A Basket of Beautiful
from the Authors of
Mystery Lovers' Kitchen
LESLIE BUDEWITZ: Many of us here were raised in the days of the Easter bonnet and matching outfits. My mother waited a long time to dress a little girl for spring on Easter Sunday---but in Montana, the dress got covered by a coat and the cute shoes traded for snowboots for the walk to church! She made beautiful marbled Easter eggs, adding a drop or two of oil to the bowls of dye after we'd finished with our eggs. And she always made cupcakes topped with white frosting, colored green coconut "nests," and jelly beans. She tells me an old boyfriend gave me this handmade Ukrainian egg in high school. I don't remember that, but traditions are often built as much on memory as fact, aren't they? Wishing you and yours a lovely day.
PS I missed out on the hats, but my mother obviously didn't. I do remember my sisters and I always having matching dresses provided by our ever-so-proper grandmother. I loved each and every one. It was always a special shopping time with her.
LUCY BURDETTE: Easter was a big holiday in my family. We all got new hats for church (Put on your Easter bonnet... ), and hunted for colored eggs and baskets full of chocolate (and sometimes underwear or socks, LOL), and then had a big ham dinner. Scalloped potatoes and probably green bean casserole on the side.
This picture was probably taken in the early 60's by my dad--it includes my family and the next-door neighbors. (My mom's back left and next to her is her best friend Mary Jane, who much later became my beloved stepmother! I'm in the second row, second from right.) These days, I'm more likely to serve Eric's Coconut Cake, after attending the sunrise service on the beach!
LINDA WIKEN: Yes, to remembering the new hats, and gloves, every year! I felt so grown up. I like to bring out these Easter eggs my son and I made when he was just a tot. They were the easy, blow out the egg and dip in boiling water kind, but they are special to me. He, of course, doesn't remember doing it so I love to remind him each year. I like to frequently remind him of all the good times we had as he was growing up. :)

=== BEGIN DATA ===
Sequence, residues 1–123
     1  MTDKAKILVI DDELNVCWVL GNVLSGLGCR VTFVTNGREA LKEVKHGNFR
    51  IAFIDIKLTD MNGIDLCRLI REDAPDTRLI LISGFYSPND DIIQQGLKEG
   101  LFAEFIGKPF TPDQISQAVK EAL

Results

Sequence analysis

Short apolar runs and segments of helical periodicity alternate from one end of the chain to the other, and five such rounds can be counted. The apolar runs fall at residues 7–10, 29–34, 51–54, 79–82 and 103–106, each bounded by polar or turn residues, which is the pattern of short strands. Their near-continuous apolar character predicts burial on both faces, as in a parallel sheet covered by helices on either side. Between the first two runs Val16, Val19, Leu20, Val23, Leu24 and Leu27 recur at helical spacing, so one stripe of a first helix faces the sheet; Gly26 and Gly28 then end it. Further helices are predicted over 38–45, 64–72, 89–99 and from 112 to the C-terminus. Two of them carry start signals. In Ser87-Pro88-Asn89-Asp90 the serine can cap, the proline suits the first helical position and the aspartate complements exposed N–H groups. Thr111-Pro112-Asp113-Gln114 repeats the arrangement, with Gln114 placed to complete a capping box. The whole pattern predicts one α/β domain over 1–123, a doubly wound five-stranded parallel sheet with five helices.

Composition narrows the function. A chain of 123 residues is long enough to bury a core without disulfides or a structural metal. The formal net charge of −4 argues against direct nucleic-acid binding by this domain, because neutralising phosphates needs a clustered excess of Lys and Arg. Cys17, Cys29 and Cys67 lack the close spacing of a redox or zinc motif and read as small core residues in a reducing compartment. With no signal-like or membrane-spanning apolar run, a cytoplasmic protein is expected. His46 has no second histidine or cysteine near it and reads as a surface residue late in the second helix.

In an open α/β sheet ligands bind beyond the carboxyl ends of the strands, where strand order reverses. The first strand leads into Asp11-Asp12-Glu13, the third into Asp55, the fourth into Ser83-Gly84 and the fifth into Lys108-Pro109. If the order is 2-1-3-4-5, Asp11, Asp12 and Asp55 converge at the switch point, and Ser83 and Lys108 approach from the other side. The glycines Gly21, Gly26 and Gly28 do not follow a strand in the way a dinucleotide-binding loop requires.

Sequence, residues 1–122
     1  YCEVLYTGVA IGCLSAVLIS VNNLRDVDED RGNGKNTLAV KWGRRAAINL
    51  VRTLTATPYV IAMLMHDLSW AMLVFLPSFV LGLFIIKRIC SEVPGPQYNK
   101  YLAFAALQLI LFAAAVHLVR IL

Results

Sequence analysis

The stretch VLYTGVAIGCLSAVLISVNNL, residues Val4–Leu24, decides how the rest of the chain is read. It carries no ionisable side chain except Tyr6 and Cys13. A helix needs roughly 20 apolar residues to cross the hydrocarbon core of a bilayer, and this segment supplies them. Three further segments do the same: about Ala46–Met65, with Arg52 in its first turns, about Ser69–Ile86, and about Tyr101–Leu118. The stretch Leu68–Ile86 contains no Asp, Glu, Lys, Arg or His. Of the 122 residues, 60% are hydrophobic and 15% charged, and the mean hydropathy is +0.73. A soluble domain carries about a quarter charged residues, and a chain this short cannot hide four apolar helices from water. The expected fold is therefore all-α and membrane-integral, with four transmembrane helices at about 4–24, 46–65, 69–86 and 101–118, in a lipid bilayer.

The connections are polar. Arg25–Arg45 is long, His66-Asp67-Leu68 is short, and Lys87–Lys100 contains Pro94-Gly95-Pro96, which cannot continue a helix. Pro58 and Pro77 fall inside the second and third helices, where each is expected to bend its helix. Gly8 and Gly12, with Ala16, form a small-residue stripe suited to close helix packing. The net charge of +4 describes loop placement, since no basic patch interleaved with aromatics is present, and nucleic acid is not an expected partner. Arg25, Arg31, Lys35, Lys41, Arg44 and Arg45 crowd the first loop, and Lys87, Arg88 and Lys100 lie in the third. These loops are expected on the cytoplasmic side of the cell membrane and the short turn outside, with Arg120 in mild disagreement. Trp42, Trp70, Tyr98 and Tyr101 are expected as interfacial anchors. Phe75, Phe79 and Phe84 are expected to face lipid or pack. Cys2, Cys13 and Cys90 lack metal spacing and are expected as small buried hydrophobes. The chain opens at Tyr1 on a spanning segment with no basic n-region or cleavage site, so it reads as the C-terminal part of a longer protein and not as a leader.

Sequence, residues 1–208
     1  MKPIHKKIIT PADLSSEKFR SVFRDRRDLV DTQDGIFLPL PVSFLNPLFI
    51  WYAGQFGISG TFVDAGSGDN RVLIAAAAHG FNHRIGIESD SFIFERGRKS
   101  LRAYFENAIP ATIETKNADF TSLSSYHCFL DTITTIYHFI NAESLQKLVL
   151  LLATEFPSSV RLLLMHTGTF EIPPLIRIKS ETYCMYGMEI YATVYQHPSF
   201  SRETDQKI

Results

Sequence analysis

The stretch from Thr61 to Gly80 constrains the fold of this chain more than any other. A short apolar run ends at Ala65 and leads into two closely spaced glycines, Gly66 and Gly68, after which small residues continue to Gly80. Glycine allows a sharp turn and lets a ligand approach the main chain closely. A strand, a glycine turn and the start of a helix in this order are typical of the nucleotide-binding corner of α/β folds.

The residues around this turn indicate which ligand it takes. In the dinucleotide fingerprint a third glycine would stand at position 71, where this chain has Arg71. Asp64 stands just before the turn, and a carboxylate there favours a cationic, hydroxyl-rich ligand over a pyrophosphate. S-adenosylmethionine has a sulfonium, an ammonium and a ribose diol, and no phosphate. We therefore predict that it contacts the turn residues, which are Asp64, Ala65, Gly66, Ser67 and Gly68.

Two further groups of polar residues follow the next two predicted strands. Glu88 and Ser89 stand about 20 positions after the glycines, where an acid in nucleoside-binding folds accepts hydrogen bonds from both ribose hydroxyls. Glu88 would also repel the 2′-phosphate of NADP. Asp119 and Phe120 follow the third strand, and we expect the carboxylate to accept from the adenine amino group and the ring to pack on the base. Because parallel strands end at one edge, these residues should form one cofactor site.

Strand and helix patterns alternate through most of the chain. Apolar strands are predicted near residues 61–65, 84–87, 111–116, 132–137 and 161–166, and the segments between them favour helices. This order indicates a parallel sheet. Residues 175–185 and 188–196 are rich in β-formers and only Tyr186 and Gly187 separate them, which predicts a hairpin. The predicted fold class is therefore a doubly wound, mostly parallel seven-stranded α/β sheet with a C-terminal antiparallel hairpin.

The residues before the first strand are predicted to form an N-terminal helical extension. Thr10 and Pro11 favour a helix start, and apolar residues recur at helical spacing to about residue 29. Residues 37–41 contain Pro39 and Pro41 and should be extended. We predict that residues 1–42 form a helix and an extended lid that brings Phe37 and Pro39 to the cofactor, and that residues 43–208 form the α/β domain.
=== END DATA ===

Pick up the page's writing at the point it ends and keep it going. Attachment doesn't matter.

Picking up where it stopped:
I would also love hiding chocolate eggs and bunnies in his bedroom after he'd fallen asleep Easter Eve, and leave a trail out the room, down the stairs and into the family room. There the mother lode of Easter goodies awaited him, if he could figure out the final clue. This continued every year until he grew up and moved away. I had as much fun as he did!
Today, my new memories are of the beautiful hymns and masses sung during Holy Week, leading up to the Easter Sunday church service.
MARY JANE MAFFINI aka Victoria Abbott Easter always brings happy memories for me: bright straw baskets filled with chocolate eggs, the beginning of a lifelong love of eggs, chocolate and baskets. turkey and ham on Easter Sunday with the stuffing in this glass chicken. We still bring it out every Easter, along with the turkey and the chocolate and family around the table.
We always felt pretty snazzy after a walk to church sporting our new hats. It's hard to imagine everyone with the a new hat these days, but here's a picture of my mum and me a few weeks after Easter in the hats we first wore on Easter Sunday 1963. May your own day be filled with joy and chocolate.
CLEO COYLE: I'm not sure what year my mother (Rose) began our Easter morning treasure hunts, but it became a wonderful tradition for me and my sister, Grace. The hunt would begin with a note in an Easter card or on the dining room table. We'd be sent to the laundry room or a kitchen cupboard, where we'd find another note. This one might be a riddle that we'd have to solve before finding another clue and another. (Not bad training for a mystery writer, eh?!)